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Teaching design thinking as a tool to address complex public health challenges in public health students: a case study
BMC Medical Education volume 22, Article number: 270 (2022)
Developing a public health workforce that can understand problems from a population perspective is essential in the design of impactful user-centred responses to current population health challenges. Design Thinking, a user-driven process for problem-defining and solution-finding, not only has utility in the field of public health but stands as a potential mechanism for developing critical skills -such as empathy, creativity and innovation- amongst future professionals. Though the literature reflects the use of DT across many health sciences disciplines, less research has been published on how students apply learned concepts using real-world challenges of their choice and what difficulties they face during the process.
This case study evaluates achieved learning outcomes after the introduction of a design thinking block into post-graduate public health curriculum at the University College Dublin. Two independent assessors evaluated student learning outcomes and observed difficulties during the process by assessing group presentations to identify and understand any learning difficulties using an ad-hoc designed tool. The tool consisted of twelve items scored using a 5-point Likert scale. Student feedback, in the form of an online survey, was also analysed to determine their level of enjoyment, perceived learning outcomes and opinions on the course content.
The assessors evaluated thirteen DT group presentations and reports from 50 students. The groups chose a range of topics from socialization of college students during Covid-19 to mental health challenges in a low-income country. Independent assessment of assignments revealed that the highest scores were reached by groups who explored a challenge relevant to their own lives (more than 80% of total possible points versus 60% class average). The groups that explored challenges more distant to themselves struggled with problem finding with a mean score of 2.05 (SD ± 1.2) out of 5 in that domain. The greatest difficulties were observed in problem finding and ideation. Though most students found the design thinking block enjoyable and relevant to their education, they recommended that the DT block be a stand-alone module. Students recognized that groups who chose a familiar topic experienced fewer difficulties throughout the process.
The study showed that DT learning outcomes were best achieved when students focused on challenges, they had either personally experienced or were familiar with. These findings provide insight for future iterations of DT workshops and support the teaching of user-centred approaches to future public health practitioners.
Despite the recognition of the need for a Public Health workforce well equipped to lead innovative and tailored approaches to current challenges [1,2,3], public health courses focus their curricula on quantitative research methods, data interpretation, and theories of health promotion and policy, rarely providing students with the opportunity to engage in experiential learning.[3, 4] However, there is increased acknowledgement of the importance of including creativity and innovation courses in health sciences education.[5, 6] Design Thinking (DT) in particular, or human–centred design, is popular throughout health science disciplines as a method for students to gain creative skills.[7,8,9] The method is a user-driven process and is, in essence, a tool to find new problems or to re-define well known problems to design an impactful solution [10, 11]. It generally includes the following five steps: “empathize”, “define”, “ideate”, “prototype”, “test”. The “empathize” stage, during which the design team needs to explore the challenge from the perspective of the user, is particularly appealing in the design of public health interventions and policies, with the growing recognition that effective solutions must be driven and informed by the people whose lives they affect. In the last two decades, this methodology has been successfully applied to diverse areas including the redesign of clinical spaces -notably delivery rooms and children’s emergency departments-, the design of applications to improve disease management, and numerous applications in challenging, low-resource settings. [12,13,14]A recent pilot study described a two-hour non-mandatory DT seminar added to Public Health curricula that proved to be well-received by students who indicated that they understood the key elements of design thinking via a self-assessment tool.  However, the study did not explore learning outcomes beyond participants’ self-assessments. There has been significant research on the teaching of user-centred design tools that identifies difficulties experienced by students during their learning process. [10, 11, 16] Yet for students in health sciences disciplines there remains no published research -that we are aware of- on challenges observed during the assessment of learning outcomes as well as experiences learning DT.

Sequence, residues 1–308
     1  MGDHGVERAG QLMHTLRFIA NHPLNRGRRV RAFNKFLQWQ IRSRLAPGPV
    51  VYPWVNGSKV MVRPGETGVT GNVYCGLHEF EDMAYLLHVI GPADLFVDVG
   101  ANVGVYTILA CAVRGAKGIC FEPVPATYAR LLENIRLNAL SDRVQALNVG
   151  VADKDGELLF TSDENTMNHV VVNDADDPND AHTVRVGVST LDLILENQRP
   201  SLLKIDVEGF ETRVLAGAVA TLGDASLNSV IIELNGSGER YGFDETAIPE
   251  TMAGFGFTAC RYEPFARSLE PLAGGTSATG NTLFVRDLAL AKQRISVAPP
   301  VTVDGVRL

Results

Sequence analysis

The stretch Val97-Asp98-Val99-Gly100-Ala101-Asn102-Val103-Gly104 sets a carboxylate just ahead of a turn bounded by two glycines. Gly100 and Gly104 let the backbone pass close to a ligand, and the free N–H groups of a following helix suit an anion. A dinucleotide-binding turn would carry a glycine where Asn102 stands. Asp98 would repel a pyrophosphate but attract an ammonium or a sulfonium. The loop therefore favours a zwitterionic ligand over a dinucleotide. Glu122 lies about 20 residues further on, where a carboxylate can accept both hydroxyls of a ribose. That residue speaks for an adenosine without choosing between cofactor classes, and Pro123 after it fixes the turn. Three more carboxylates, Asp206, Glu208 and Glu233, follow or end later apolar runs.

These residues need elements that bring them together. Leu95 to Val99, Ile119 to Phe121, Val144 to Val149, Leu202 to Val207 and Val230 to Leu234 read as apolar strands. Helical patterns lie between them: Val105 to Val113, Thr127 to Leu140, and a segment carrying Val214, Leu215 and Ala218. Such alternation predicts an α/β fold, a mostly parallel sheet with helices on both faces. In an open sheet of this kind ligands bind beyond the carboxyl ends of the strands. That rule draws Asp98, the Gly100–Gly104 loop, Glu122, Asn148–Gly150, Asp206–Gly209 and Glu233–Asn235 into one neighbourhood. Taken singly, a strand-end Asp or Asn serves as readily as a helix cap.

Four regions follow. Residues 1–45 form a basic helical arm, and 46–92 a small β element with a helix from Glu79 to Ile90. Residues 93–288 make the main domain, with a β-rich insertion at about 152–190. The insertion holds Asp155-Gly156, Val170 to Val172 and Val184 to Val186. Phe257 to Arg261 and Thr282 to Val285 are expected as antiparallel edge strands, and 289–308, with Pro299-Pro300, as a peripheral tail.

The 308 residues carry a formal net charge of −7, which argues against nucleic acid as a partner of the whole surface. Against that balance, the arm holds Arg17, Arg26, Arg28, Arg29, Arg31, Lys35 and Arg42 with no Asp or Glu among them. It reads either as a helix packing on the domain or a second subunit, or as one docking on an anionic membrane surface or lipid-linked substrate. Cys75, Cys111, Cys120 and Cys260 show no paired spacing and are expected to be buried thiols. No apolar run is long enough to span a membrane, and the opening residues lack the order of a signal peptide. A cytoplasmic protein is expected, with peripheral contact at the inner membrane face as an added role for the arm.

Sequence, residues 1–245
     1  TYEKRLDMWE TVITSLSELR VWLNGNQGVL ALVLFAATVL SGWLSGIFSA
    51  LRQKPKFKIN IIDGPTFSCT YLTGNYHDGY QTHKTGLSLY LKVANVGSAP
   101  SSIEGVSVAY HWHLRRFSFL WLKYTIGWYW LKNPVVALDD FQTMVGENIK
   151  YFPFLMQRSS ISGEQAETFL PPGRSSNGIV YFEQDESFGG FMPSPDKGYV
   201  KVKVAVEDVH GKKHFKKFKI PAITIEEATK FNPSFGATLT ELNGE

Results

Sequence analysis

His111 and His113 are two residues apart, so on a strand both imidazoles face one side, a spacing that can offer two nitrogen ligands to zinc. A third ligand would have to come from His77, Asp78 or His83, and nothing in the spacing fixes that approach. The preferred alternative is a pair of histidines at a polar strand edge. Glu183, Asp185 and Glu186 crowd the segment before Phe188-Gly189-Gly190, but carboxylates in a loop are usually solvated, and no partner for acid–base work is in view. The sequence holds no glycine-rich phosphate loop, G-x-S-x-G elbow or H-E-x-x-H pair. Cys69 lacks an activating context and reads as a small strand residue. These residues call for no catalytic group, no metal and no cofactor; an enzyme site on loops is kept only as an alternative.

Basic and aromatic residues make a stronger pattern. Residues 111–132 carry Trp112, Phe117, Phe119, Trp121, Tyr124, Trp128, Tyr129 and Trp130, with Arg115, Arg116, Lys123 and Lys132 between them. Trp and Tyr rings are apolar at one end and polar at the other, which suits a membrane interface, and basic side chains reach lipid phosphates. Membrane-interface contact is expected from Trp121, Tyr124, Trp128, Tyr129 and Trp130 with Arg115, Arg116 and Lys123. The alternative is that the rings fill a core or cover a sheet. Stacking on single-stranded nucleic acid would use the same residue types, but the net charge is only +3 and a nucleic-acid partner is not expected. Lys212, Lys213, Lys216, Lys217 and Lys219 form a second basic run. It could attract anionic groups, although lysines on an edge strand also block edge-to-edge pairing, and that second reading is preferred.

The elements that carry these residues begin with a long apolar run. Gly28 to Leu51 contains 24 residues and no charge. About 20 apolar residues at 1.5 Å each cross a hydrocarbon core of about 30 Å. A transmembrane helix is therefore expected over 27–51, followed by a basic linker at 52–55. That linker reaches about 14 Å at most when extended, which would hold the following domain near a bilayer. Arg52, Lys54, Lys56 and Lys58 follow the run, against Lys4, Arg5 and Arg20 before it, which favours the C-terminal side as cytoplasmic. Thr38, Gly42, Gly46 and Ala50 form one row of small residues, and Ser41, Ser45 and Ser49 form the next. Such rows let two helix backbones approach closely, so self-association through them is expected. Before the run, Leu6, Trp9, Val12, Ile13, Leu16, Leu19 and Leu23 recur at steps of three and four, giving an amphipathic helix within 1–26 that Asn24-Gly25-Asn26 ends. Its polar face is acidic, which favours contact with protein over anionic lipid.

During the academic years of 2019/2020 and 2020/2021, at the School of Public Health in the University College Dublin (UCD), we introduced a DT block into the Master of Public Health (MPH) curricula embedded in a module allocated to principles of healthcare finance and management. The rational for the inclusion of the DT block in this course stemmed from the need to rethink health systems and the call to accelerate the introduction of patient-centred health services. The module assessment included a team project in which students had to replicate four of the five DT steps (empathize, redefine the problem, ideate, prototype) by choosing a public health challenge, conducting an empathy stage, redefining the problem, brainstorming ideas, and pitching one idea that could have a positive impact on the problem.